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Shortcomings of the Condorcet Voting method

Condorcet Voting is probably the soundest ordinal method available today and it is favoured by many academics. Nevertheless it has its own shortcomings users should be aware of.

  • The Condorcet voting method is rather complex, difficult to explain and to grasp. Also, PARTECS™ does not implement its simplest version, Plain Condorcet, but implements the SSD Condorcet method, which is even more complex to explain;
  • Condorcet results cannot easily be converted in percentages, so are difficult to read for people used to the more common voting methods;
  • Condorcet is inferior to the Borda method in the case of sincere voters, since relevant information about the relative rating is lost (but this very fact increases the robustness against insincere votes);
  • Still there are cases where Condorcet is not 100% robust against insincere voters. Below is an example of such a case.

A case where Condorcet Voting is not robust

Consider this (sincere) ballot:

40: C
35: ABC
25: BAC

Here the winner is A, who beats both B (35/25) and C (60/40). However, if the B voters strategically refuse to rank A while the A voters sincerely rank B, that will let B steal the election from A since

40: C
35: ABC
25: BC

would give the defeats:

C / A : 65/35
B / C : 60/40
A / B : 35/25

Removing the weakest defeat leaves B as the unbeaten candidate. Instant runoff and Borda method do not have this problem: voting C insincerely will go against the interest of B voters, since C will win, not B. However, it may be argued that these methods have even worse problems than Condorcet.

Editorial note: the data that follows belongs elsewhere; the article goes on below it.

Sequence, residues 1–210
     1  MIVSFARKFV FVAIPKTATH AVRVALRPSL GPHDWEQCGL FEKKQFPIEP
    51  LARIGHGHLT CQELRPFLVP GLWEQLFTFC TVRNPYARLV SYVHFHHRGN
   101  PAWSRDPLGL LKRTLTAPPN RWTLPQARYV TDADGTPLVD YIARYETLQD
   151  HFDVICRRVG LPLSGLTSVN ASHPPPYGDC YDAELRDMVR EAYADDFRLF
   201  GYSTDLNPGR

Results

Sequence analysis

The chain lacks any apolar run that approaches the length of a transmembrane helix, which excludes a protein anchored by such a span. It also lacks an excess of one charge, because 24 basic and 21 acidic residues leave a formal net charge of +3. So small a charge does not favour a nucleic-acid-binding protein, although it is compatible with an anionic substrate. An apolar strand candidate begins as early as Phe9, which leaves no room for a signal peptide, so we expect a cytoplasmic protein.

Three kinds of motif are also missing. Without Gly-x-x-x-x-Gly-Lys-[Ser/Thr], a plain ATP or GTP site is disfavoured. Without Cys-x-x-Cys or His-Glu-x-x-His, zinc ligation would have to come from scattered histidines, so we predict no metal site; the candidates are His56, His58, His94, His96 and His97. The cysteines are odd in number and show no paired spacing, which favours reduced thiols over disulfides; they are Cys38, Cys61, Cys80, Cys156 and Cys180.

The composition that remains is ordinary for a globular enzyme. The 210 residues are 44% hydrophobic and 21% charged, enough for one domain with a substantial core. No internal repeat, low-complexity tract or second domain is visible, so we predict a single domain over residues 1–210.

What about ties?

In elections with a small number of voters (typical of decision making process in small committees), ties are relatively frequent and must be managed in some way. There are various ways to solve the ambiguities, for instance the President may decide, or a different voting method can be used to see if the ambiguity disappears. Here is an example with four candidates A, B, C, D and these votes by a six members committee:

3: A C
3: B A

Nobody likes D, whereas three voters like A and three voters like B, but B voters also like A as a second choice, so we would expect A to win. However this is not the case using the Condorcet method, nor the Instant Runoff method. Let us consider first the Condorcet method tallying procedure. The defeats are:

A / D : 6/0
A / C : 6/0
C / D : 3/0
B / D : 3/0

Dropping the weakest defeats we still have a tie between A and B since they are both unbeaten. Still, it is clear that A must be winner, since it gets both first and second choices. The ambiguity is removed by the Borda method:

A: 15
B: 9
C: 6
D: 0

Condorcet Voting tends to give more ties than other methods. This is a good thing in general, since it is better to return a tie in dubious cases, leaving the decision to a human, than to return a wrong result. Now, let’s check if the Instant Runoff method gives a tie too:

This election required 2 rounds.
Round #1:
Removing D ...
3: A C -
3: B A -
Round #2:
Removing C ...

No winner can be established, since the algorithm cannot decide the weakest candidate between A and B.

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